Thursday, July 22, 2010

Bulletin: NYT Co. reports Q2 financial results

The NYT Co. has just moved its second-quarter financial statement on Business Wire. The New York Times has now moved a story. Following is an excerpt of the company's statement:

The New York Times Company announced today 2010 second-quarter results.

Total revenues increased 1.2 percent to $589.6 million in the second quarter of 2010 compared with the second quarter of 2009, an improvement from the first quarter 2010 decline of 3.2 percent compared with the first quarter of 2009.

Operating costs excluding depreciation, amortization and severance declined 3.7 percent in the second quarter of 2010 versus the second quarter of 2009. On a GAAP basis, the Company's operating costs declined 4.3 percent in the second quarter of 2010 versus the second quarter of 2009.

Operating profit excluding depreciation, amortization, severance and a special item in 2009 grew 39.4 percent to $92.6 million in the second quarter of 2010 compared with $66.4 million in the second quarter of 2009. On a GAAP basis, operating profit more than doubled to $60.8 million in the second quarter of 2010 compared with $23.5 million in the second quarter of 2009.

Diluted earnings per share from continuing operations excluding severance and the special items discussed below more than doubled to $.18 per share in the second quarter of 2010 compared with $.08 in the same period of 2009. On a GAAP basis, the Company had diluted earnings per share from continuing operations of $.21 per share in the second quarter of 2010 compared with $.27 in the second quarter of 2009.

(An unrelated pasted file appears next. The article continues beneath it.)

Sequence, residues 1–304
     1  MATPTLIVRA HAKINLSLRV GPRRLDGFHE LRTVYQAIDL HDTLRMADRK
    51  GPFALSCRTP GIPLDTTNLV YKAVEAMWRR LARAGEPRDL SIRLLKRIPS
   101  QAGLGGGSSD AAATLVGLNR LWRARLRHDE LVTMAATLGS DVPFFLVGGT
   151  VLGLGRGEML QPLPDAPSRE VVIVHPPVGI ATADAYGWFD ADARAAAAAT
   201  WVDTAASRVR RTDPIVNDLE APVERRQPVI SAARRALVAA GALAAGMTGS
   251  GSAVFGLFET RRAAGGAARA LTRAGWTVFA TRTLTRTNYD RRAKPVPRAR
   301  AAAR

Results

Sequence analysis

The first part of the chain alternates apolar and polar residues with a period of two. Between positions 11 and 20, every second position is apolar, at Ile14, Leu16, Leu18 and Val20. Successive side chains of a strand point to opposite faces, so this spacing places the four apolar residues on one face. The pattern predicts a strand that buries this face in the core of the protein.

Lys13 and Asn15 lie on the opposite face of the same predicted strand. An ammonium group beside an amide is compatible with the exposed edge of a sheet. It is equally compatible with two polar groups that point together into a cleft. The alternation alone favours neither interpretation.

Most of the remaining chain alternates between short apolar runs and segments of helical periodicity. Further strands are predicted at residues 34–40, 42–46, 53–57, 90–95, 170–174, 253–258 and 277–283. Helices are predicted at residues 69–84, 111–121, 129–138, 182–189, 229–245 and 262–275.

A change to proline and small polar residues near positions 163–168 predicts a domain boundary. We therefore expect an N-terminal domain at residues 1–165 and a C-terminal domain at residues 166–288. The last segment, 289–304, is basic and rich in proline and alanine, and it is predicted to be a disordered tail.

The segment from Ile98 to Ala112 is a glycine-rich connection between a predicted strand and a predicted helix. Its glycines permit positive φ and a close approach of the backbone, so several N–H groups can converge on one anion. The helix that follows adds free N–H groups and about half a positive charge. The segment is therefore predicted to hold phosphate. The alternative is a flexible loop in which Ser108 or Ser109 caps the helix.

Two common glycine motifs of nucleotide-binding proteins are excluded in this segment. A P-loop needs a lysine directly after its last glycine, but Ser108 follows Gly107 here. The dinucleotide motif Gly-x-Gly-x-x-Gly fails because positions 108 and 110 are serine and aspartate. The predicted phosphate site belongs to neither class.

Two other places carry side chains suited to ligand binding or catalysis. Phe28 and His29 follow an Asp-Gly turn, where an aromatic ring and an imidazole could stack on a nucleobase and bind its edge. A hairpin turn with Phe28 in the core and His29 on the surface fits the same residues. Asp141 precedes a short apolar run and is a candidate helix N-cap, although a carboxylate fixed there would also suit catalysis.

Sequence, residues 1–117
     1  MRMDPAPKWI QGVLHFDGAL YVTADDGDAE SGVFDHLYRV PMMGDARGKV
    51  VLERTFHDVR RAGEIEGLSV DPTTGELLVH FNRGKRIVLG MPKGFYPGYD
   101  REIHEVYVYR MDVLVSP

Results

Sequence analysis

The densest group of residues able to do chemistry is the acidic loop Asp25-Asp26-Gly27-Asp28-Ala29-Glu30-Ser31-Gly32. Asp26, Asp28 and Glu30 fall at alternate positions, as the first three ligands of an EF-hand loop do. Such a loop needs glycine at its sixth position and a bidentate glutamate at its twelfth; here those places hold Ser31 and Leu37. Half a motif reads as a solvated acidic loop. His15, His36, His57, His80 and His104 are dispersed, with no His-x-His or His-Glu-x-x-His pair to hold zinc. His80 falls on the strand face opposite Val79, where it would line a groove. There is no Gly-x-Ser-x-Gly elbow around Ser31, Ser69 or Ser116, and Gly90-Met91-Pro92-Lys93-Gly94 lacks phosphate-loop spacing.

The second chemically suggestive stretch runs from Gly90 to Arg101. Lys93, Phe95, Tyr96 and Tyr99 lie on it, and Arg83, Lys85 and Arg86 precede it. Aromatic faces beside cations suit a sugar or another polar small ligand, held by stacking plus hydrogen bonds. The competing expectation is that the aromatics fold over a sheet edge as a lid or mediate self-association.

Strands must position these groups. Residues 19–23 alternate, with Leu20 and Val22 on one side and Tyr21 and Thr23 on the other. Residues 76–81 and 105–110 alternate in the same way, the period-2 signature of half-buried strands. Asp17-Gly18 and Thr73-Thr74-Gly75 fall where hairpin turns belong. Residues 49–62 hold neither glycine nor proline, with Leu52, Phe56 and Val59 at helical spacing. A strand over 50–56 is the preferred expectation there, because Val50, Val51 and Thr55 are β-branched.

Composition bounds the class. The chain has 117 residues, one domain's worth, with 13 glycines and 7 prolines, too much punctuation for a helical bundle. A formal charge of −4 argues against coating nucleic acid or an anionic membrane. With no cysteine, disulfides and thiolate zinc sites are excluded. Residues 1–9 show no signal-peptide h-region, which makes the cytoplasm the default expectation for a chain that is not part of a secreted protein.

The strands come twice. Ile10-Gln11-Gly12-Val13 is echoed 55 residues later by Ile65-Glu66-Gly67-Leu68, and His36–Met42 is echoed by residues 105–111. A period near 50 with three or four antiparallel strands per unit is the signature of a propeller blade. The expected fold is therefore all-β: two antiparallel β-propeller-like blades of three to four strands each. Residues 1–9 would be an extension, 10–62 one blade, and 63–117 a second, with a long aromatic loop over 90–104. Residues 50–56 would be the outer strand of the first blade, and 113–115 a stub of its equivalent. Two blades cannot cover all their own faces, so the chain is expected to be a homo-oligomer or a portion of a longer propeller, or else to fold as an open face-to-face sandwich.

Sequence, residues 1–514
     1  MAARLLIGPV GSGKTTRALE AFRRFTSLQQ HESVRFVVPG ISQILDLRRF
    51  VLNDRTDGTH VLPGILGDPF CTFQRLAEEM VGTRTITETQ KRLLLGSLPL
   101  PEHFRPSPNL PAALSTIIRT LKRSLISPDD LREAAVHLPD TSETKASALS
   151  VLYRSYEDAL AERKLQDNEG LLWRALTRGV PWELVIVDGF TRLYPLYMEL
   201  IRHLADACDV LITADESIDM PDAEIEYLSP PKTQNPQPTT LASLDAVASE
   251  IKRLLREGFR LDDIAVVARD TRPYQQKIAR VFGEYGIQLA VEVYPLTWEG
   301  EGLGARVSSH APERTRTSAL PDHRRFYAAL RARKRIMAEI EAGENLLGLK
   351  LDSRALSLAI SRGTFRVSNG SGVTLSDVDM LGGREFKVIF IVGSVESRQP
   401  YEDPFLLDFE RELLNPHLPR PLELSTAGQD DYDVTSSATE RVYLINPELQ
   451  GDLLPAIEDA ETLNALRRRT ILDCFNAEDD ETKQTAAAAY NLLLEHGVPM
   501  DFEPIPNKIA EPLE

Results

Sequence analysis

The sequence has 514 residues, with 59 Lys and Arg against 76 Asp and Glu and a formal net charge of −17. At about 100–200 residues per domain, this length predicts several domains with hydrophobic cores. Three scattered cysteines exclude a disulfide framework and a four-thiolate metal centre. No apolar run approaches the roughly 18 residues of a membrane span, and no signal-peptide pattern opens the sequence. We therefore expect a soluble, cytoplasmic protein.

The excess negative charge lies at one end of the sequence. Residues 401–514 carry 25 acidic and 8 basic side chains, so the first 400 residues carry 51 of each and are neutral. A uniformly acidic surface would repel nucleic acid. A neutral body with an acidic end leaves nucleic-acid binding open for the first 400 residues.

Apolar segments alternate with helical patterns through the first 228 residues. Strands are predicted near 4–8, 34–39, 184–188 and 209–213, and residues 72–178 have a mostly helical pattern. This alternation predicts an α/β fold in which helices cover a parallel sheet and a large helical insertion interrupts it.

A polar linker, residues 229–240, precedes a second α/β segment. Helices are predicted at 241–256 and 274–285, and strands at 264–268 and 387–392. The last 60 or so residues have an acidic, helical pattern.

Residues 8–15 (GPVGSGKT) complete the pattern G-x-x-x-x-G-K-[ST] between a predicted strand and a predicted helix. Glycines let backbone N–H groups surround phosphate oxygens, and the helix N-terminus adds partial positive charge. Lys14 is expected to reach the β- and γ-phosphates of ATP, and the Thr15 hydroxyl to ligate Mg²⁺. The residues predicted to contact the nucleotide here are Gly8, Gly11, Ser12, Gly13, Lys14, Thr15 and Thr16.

The Company continues to manage its liquidity, reducing its debt and capital lease obligations, net of cash and cash equivalents by approximately one third to $670 million from its balance at the beginning of 2009, even after making pension contributions totaling $87.5 million in the second quarter of 2010. The majority of the Company's debt matures in 2015 or later.

"These positive results continued to build on the momentum of the past few quarters as the Company was able to increase revenues and decrease operating costs," said Janet L. Robinson, president and chief executive officer, The New York Times Company. "In the second quarter, total revenues increased 1 percent, reversing the first quarter 2010 decline of 3 percent, as we experienced positive trending in both print and digital advertising revenues.

"Solid growth in digital advertising revenues, which rose 21 percent, offset a 6 percent decrease in print advertising, and advertising revenues ended the quarter roughly flat compared with the second quarter of last year. Online advertising revenues have become a larger part of our mix and made up 26 percent of the Company's total advertising revenues in the 2010 second quarter, up from 22 percent in the same prior-year period.

"Based on the early part of the third quarter, third-quarter revenue trends for print advertising are expected to improve from the levels of the second quarter, while digital advertising is expected to trend in the mid to high teens. The low-single digit circulation revenue growth we experienced in the first part of 2010 is not expected to continue in the second half of the year, as we will be cycling past the June 2009 price increases at The New York Times and The Boston Globe and thus expect 3 to 5 percent declines in circulation revenues in the third quarter.